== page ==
There are a dozen reasons to avoid obsession and angst pairing wines with your Thanksgiving feast. The problem begins with a cornucopia of flavors and tastes from sweet to bitter to savory, spicy, and salty that roll from the holiday kitchen. While thousands of different wines will be appropriate for millions of tables and gatherings, Thanksgiving wine pairing flames are fanned by the conflicting recommendations wine and food media cough up every year. What follows is a deconstructed Thanksgiving wine guide including my own simple context for thinking about Thanksgiving wine pairing, a bunch of recent recommendations from other wine knowing sources, and what our family will drink this Thanksgiving.
Context for Thanksgiving wine pairing
Drink whatever you want at a budget level that is comfortable for your family. If that permission is not liberating enough and you insist on giving it more thought, ask your wine seller for white and red wines with good acidity levels to keep you salivating through the heavy eating, low alcohols so Aunt Jane and and Cousin John aren’t napping in their cranberry sauce by 3pm, something bubbly with verve to make things feel like a celebration of family and good living, a semi dry white wine with a little residual sugar for standing up to the spicy and sweet dishes, and one very special selection you want to treat yourself and family to just because great wine is best shared with people you enjoy being with. How many wines? At least one red and one white. If you want more then add a semi dry/moderately sweet (demi sec) white, then a sparkler, and lastly the special bottle if you and your guests would appreciate it. Remember this, write it down, or print it out and just give it to a wine seller you trust.
Thanksgiving wine pairing and the media
In case you remain unconvinced there is no single “correct approach” to Thanksgiving wine pairing, here is a deconstructed guide to Thanksgiving tips from the food and wine media that will make you believe.
- Not even Eric Asimov, Florence Fabricant, Julia Moskin, nor Pete Wells can completely agree on a small group of under $25 Thanksgiving wine candidates for mixing and not matching in the New York Times.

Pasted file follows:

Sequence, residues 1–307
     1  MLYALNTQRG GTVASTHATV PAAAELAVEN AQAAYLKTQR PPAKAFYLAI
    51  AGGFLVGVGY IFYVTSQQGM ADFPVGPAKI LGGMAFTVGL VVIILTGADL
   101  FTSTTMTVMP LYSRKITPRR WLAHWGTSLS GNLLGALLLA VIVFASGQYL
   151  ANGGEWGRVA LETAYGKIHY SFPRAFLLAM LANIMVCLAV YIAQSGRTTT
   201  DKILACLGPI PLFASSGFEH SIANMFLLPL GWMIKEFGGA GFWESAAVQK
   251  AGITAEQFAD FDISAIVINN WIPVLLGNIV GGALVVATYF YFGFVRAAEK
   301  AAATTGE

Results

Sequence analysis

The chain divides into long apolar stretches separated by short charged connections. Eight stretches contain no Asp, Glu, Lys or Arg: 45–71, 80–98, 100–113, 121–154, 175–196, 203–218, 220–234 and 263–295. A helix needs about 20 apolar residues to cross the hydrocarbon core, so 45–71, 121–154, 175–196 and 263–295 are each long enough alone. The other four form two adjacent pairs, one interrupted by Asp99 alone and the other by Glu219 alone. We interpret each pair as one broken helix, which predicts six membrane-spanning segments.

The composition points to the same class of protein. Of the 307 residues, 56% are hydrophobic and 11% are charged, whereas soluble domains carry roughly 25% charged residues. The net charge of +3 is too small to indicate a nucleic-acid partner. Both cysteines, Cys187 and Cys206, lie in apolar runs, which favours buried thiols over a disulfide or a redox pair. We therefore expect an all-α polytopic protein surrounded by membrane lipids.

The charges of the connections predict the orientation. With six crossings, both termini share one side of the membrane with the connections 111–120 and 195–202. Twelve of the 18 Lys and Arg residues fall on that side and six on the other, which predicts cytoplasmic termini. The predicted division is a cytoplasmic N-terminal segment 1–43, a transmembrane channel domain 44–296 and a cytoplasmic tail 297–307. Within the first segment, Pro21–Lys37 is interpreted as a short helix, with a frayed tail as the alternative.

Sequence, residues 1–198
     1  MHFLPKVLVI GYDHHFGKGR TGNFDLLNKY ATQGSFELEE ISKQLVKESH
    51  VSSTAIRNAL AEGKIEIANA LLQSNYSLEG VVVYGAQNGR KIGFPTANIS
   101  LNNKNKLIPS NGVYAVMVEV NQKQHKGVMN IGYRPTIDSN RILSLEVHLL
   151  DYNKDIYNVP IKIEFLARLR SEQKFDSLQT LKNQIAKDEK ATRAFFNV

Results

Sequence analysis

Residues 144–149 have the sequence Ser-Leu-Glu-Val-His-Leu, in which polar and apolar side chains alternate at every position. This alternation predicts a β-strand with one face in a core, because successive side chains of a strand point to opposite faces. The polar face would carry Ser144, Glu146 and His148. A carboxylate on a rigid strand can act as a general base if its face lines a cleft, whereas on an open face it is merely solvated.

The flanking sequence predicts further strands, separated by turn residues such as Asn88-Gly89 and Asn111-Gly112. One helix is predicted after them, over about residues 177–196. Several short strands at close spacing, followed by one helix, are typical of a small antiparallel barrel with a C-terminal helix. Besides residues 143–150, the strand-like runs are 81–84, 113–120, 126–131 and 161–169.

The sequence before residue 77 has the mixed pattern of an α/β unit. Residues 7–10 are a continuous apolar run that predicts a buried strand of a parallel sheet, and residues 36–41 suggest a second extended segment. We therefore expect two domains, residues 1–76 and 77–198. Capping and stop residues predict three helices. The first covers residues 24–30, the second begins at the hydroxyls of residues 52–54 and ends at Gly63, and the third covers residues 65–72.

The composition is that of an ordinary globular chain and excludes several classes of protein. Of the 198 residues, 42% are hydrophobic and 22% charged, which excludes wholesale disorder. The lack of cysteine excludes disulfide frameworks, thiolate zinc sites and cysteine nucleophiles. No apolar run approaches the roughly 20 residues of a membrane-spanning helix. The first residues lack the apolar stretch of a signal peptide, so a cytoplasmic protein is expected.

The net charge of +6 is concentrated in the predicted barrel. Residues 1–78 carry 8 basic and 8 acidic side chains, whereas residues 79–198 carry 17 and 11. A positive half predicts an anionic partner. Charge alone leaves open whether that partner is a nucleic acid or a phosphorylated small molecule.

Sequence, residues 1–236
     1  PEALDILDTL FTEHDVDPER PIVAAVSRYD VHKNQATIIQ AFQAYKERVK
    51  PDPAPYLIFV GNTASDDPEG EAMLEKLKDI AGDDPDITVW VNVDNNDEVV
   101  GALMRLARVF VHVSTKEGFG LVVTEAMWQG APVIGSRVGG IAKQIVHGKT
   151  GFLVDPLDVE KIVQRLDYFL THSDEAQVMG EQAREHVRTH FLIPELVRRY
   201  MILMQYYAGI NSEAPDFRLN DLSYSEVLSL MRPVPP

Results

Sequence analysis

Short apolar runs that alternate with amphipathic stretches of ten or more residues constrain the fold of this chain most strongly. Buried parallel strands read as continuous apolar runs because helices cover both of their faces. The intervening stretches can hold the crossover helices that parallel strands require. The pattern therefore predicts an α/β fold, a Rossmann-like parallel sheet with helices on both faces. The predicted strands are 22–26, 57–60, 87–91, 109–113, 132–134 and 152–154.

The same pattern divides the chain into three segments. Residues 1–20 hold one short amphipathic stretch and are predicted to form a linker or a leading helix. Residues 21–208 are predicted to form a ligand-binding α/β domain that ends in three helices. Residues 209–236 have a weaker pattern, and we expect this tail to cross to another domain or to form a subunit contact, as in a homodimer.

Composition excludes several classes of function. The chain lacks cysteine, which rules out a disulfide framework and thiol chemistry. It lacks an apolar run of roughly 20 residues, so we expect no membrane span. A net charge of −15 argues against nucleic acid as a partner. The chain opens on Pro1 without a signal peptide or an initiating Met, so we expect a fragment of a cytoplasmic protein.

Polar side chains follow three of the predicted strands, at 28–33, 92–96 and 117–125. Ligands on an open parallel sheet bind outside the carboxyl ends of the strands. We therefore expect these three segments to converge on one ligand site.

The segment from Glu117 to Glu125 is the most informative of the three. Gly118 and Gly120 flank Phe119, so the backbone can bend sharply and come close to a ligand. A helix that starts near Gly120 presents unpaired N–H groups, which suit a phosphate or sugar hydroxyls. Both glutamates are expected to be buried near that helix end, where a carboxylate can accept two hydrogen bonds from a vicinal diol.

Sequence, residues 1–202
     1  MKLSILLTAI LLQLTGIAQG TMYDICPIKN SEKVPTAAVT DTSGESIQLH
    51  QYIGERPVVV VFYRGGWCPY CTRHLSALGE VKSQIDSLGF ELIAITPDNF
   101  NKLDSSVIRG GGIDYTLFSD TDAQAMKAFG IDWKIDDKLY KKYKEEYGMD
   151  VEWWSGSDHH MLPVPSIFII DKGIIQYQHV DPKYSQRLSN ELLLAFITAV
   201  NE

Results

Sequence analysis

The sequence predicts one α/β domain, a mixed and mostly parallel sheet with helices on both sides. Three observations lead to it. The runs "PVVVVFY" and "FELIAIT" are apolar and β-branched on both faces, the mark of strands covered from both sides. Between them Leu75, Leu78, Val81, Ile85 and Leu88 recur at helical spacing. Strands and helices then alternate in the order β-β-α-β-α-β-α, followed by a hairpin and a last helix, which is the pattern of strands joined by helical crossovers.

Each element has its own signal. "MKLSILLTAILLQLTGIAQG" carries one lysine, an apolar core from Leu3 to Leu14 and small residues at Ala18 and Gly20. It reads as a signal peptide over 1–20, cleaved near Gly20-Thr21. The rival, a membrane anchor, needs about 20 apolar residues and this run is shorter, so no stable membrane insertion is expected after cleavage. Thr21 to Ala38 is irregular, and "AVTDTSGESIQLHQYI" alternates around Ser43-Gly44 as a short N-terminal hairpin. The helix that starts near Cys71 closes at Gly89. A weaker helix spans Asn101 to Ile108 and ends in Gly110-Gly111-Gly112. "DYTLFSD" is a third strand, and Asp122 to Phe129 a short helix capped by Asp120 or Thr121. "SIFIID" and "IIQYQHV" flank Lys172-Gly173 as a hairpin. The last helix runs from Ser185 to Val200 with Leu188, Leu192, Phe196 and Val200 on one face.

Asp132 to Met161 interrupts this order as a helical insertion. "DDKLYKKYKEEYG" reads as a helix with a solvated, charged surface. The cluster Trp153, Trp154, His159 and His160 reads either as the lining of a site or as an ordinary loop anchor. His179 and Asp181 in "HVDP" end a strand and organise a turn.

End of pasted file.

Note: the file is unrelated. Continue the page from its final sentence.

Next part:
- If you really want to confuse yourself then Serious Eats will tell you what the chefs are recommending, another 14 great white thanksgiving wines, 15 delicious red wines, and if none of them work for you then five essential Thanksgiving wine tips.
- Epicurious will ease any pairing jitters by demonstrating that the nation’s top sommeliers all have different Thanksgiving pairing recommendations.
- Bon Appétit will take you in in opposing directions with their Barbera recommendation and then three ciders.
- If you really want to play the game that you don’t need to know too much about the wine for it to work, 90+ Cellars has a Thanksgiving pack of wines that meets the general holiday pairing context where you will never know who made the delicious wines you are drinking.
- If for some reason your family will not serve a turkey or any other main course (what, really?) and you want to pair a different wine with each and every side dish, The Wine Enthusiast has the survival guide for you.
- Meg at Maker’s Table will take you on an intellectual run through the wide playing field of possible Thanksgiving wine pairings.
- The SF Examiner offers some insights into what the Bay Area wine pros are thinking.
- The BrooklynGuy is recommending, well, BrooklynGuy wines.
- Chambers Street Wines will tell you to drink the wines you ought to be drinking all year long with food.
- Real Simple says forget it all, just buy cheap (affordable) wine.
- The Passionate Foodie points you to Sherry and Sake, what else?
- Apartment Therapy knows you don’t have a deep cellar in your rental pad, so why not drink Sangria for Thanksgiving?
- Great Northwest Wine says keep it domestic and keep it Northwest, of course!
- And if for some strange reason Silver Oak is still your domestic wine Mecca, they are willing to be your Thanksgiving wine opinion leader too.
Wines my family will drink this Thanksgiving
2012 Txomin Etxaniz Txakoli Rosé Getariako $20: A refreshing spritzy low alcohol rosé from Northern Spain for thirsty pre meal moments.
2011 Domaine Marcel Lapierre Morgon Cuvée Lapierre MMXI in magnum $85: Larger 1.5 litre formats are perfect for Thanksgiving meal celebrations and this Gamay won our blind tasting of yet one more great recent Beaujolais vintage. Cru Beaujolais is a style of red wine that works great with most of the meal, offers manageable alcohol and juicy acidity. The Cuvée Marcel Lapierre is a wine to completely relish any time of the year.
2005 Domaine Huet Clos du Bourg Vouvray Demi-Sec $40: One of my favorite producers of Chenin Blanc from the Loire Valley. Was recently blown over by the progress the 2005 has made with some bottle age. The current vintages are widely available for less than $40 and would work just fine. Enough residual sugar on attack and acidity through finish to work inside the Thanksgiving meal, no matter how spicy or sweet any one course is.
1998 Leonetti Merlot $80: What is a Thanksgiving dinner without at least one American wine? This Merlot is just about perfect and rose to the top of a mini Leonetti Merlot vertical tasting I organized a couple years back. This iconic Washington State producer did something extremely special in this vintage. It’s my really special wine for the day.
Out of confusion emerges liberation. Just drink what you like and Happy Thanksgiving to all.